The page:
The Department of Defense’s Defense Contract Audit Agency is responsible for performing all contract audits at the department. Unfortunately, the agency seems to have developed an excessively cozy relationship with the contractors that it is supposed to be overseeing. That is bad news for taxpayers because of the massive size of DoD’s contracting activities.
GAO found substantial evidence of widespread audit quality problems at DCAA. In the face of this evidence, DOD, Congress, and American taxpayers lack reasonable assurance that billions of dollars in federal contract payments are being appropriately scrutinized for fraud, waste, abuse, and mismanagement.
For example, while auditing the satellite launch proposal for a major U.S. defense contractor, a DCAA manager experienced pressure from the contractor and the DOD buying command to drop adverse findings. The manager directed his auditors to drop the findings, and DCAA issued a more favorable opinion, allowing the contractor to win a contract that improperly compensated the contractor for hundreds of millions of dollars in commercial business losses.
For example, of the 69 audits and cost-related assignments GAO reviewed, 65 exhibited serious deficiencies that rendered them unreliable for decisions on contract awards, management, and oversight…GAO determined that quality problems are widespread because DCAA’s management environment and quality assurance structure were based on a production-oriented mission that prevented DCAA from protecting the public interest while also facilitating DoD contracting.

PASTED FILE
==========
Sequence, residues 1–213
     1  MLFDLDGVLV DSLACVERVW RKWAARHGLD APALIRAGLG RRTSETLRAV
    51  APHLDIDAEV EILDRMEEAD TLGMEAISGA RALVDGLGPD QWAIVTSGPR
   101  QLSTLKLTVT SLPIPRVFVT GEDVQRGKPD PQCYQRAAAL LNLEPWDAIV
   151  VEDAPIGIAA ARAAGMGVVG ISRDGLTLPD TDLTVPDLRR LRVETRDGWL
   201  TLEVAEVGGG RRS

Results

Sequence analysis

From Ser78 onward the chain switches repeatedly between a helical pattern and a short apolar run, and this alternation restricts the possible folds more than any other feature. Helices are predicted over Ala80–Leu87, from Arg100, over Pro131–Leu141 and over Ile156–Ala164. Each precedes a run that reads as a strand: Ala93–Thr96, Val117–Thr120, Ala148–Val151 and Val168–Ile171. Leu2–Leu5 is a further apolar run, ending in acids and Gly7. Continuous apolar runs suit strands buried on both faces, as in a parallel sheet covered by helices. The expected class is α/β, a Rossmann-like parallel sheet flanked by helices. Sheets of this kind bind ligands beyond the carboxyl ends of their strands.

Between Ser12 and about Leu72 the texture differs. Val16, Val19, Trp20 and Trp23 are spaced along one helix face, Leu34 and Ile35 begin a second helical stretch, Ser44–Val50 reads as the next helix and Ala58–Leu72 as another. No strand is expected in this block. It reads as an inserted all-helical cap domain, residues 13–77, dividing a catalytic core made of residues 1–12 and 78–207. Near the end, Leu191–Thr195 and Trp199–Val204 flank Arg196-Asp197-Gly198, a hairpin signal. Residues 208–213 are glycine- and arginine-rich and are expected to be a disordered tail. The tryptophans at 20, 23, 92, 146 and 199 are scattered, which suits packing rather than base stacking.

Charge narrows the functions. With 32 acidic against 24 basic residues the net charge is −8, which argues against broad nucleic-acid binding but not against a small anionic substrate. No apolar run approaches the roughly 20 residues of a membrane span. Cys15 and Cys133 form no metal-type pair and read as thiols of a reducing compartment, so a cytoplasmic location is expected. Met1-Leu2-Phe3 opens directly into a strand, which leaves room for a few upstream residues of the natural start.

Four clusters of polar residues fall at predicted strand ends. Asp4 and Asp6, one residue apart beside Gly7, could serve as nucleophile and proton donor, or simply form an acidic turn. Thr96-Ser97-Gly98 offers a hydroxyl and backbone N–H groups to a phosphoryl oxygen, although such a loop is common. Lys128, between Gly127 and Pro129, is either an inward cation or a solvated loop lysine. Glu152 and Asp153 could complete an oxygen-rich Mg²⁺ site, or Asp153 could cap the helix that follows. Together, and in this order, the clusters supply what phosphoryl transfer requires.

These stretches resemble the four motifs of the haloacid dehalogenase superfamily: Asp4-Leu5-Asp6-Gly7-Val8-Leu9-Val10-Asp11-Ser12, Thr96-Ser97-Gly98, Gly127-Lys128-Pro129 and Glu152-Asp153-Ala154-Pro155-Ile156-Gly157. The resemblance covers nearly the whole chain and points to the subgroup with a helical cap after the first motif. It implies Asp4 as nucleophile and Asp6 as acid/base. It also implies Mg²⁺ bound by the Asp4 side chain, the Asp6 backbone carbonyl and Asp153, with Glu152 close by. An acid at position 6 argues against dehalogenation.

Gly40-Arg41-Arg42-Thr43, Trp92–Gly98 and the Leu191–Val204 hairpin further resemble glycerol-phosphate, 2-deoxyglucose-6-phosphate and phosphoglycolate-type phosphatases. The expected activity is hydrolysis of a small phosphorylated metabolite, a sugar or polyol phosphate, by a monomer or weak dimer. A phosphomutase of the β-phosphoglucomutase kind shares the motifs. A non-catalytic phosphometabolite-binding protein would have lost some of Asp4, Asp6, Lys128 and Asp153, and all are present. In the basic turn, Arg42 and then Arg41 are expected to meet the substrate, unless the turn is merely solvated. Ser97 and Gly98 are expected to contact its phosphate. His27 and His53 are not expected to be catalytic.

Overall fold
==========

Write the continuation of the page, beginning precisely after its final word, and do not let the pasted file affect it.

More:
At a meeting of Defense Contract Audit Agency staff in California last May, auditor Acacia Rodriguez used a 24-page PowerPoint briefing to describe how she and her co-workers struggled with the Bechtel Group’s “chronic failure” to provide the financial records required to prove tax dollars were being spent properly…If her bosses were upset over the contractor’s foot-dragging, they didn’t show it, according to an auditor who attended the meeting…Five days later, the agency issued a report rating Bechtel’s internal accounting procedures as “adequate,” a passing grade that meant defense auditors could ease up on the company. The report made no mention of the records delays.
There is no way to know how often DCAA withholds payments because it does not keep track. And it has not used its subpoena power in 20 years…In 2007 alone, DCAA performed nearly 34,000 audits covering $391 billion in contractor costs. Of that total, auditors challenged $4.6 billion, or 1.2 percent, as lacking necessary documentation. The question is, how much more could they have caught?
Compared with other federal oversight organizations, such as the Government Accountability Office, DCAA’s return on investment is weak. For every dollar GAO spends, it saves taxpayers $94. At DCAA, the ratio is $5 saved for every one spent.